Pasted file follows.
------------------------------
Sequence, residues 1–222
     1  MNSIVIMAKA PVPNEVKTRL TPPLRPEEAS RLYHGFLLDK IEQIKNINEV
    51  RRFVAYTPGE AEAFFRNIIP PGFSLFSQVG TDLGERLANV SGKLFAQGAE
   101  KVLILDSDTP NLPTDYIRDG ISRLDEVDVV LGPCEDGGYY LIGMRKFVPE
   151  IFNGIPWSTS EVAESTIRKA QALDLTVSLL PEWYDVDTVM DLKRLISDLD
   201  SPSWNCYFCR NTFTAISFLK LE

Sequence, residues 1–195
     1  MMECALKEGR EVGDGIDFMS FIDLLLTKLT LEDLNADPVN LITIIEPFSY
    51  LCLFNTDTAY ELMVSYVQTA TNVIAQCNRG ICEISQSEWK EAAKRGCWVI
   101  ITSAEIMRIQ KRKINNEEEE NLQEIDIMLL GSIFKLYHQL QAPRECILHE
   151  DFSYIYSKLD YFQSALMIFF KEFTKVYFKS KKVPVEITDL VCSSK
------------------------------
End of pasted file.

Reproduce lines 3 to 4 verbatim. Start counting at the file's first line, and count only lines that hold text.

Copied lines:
    51  RRFVAYTPGE AEAFFRNIIP PGFSLFSQVG TDLGERLANV SGKLFAQGAE
   101  KVLILDSDTP NLPTDYIRDG ISRLDEVDVV LGPCEDGGYY LIGMRKFVPE